The Bailies discovered in June 1981 that Wosepka infused the entire $300,000 into Trend. Suburban and Wosepka intended this result originally, because Trend desperately needed working capital. The Bailies filed suit in July 1983, when the mortgagee foreclosed. They named Suburban, Wosepka, and Trend, among others, as defendants.
The Bailies asserted two theories of liability against Trend. First, they claimed that Wosepka bound Trend with the guaranty letter, in view of an alleged prior understanding that Trend would guarantee Suburban's obligation. Second, the Bailies argued that Trend was a participant in Suburban and Wosepka's fraud.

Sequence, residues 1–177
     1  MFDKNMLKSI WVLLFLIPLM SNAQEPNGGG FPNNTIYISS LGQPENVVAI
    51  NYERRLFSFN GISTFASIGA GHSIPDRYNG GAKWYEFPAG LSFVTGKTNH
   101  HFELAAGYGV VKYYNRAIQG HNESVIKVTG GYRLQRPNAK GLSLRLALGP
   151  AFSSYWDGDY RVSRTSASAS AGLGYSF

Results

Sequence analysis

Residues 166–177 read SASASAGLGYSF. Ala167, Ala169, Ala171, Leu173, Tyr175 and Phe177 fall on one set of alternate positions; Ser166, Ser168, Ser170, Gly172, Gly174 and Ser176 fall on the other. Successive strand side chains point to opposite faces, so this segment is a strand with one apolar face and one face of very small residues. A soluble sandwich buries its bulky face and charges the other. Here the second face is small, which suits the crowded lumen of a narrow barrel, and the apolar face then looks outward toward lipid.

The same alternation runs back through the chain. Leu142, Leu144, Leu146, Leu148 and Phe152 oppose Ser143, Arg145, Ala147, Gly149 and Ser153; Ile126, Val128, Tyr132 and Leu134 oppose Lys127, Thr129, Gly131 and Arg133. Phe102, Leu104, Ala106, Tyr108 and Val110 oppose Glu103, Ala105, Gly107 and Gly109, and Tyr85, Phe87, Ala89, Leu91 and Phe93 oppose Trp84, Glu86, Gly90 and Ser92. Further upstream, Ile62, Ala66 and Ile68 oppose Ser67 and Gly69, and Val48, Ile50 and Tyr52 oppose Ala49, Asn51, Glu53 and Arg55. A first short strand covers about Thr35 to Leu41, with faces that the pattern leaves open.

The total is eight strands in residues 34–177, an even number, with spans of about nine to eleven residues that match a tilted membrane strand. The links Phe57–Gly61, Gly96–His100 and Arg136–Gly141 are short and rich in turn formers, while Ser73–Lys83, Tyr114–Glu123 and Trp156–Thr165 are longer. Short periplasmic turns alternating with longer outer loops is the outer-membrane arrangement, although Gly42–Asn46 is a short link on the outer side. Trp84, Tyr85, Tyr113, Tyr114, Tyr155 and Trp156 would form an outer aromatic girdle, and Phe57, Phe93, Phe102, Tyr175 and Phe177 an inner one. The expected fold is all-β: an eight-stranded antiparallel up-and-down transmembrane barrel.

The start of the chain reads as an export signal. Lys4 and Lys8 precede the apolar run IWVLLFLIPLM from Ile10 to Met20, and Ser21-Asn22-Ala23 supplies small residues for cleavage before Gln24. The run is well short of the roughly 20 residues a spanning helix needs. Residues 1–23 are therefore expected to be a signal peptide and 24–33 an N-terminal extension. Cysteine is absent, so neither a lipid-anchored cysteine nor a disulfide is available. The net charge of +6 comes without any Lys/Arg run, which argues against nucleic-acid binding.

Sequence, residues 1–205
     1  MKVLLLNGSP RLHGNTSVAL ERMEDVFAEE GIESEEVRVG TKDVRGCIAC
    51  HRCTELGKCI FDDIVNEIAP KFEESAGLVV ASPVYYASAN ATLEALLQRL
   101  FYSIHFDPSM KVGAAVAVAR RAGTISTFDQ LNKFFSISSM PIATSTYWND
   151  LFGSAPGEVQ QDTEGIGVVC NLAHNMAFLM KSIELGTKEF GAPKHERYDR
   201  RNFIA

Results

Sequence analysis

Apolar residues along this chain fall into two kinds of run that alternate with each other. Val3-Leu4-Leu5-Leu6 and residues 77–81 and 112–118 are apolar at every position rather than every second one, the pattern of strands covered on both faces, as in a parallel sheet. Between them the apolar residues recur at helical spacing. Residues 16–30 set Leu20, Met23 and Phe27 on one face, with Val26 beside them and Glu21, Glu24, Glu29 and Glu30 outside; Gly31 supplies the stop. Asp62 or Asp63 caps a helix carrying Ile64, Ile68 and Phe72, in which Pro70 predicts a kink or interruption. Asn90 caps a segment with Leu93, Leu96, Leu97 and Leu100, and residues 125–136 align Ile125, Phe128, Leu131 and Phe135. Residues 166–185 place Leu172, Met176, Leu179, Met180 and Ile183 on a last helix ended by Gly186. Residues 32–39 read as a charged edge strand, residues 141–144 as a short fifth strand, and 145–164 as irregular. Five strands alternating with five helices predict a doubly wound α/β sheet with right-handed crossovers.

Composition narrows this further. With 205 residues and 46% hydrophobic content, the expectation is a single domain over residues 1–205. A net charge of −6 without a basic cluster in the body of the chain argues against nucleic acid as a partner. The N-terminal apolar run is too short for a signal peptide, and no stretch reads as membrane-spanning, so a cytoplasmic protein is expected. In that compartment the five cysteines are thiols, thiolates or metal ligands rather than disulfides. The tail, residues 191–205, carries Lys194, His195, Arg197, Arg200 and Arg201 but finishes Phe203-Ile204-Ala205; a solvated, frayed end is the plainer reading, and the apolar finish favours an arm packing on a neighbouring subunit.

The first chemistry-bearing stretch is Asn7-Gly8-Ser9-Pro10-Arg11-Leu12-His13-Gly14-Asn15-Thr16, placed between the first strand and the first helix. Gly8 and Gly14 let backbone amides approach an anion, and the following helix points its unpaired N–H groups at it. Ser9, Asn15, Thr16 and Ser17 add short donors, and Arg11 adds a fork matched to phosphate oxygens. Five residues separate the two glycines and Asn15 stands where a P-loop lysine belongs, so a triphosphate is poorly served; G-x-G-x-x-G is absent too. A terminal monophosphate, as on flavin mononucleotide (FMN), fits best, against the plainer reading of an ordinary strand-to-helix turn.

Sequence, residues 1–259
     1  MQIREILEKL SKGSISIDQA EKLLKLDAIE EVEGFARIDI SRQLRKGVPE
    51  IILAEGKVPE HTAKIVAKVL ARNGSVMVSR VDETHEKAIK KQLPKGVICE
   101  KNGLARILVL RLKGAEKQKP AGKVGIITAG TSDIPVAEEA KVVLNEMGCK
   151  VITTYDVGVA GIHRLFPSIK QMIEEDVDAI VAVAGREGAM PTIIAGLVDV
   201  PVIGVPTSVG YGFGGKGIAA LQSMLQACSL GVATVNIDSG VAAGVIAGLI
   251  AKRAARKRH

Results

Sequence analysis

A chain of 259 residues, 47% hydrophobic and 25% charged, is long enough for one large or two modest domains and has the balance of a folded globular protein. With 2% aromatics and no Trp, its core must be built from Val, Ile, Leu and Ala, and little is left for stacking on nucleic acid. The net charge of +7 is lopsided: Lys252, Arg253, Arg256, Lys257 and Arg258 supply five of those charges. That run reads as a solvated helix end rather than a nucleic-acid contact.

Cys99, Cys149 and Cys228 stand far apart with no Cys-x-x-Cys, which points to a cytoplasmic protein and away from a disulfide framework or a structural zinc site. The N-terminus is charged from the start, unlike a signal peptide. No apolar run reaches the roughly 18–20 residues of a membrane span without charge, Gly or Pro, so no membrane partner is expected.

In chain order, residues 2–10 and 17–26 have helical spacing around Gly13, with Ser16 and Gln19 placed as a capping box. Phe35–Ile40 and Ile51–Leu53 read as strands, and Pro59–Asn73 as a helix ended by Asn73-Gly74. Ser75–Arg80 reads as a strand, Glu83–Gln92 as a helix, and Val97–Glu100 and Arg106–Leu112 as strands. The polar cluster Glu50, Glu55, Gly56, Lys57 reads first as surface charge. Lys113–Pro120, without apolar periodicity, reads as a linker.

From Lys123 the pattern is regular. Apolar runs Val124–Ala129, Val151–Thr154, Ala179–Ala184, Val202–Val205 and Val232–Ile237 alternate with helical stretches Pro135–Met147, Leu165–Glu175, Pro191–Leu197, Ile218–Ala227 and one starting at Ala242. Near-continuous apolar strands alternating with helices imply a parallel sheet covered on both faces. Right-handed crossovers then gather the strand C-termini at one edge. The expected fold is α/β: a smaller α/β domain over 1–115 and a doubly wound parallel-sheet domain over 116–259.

The Bailies prevailed against Suburban on its assignment contract and against Wosepka on his guaranty letter. However, the court dismissed the claim against Trend. First, the court ruled that Wosepka's letter did not bind Trend. Second, the court found that the Bailies were not damaged by Suburban and Wosepka's fraud. Additionally, the court ruled that Wosepka was not acting on behalf of Trend when he and Suburban perpetrated the fraud.
This court reversed the trial court, finding that, although Wosepka's guaranty did not bind Trend and that Wosepka was not acting on behalf of Trend, the Bailies had been damaged by the fraud. They had given up the right to rescind the assignment of their interest in the condominium after Suburban defaulted on its payment. This right
was valued by an agreement between Suburban, Wosepka and Bailies at $175,000. Trend knowingly benefited from this fraud because the money obtained on the mortgage had been infused into Trend as working capital, and at the time, Wosepka was the sole stockholder in Trend.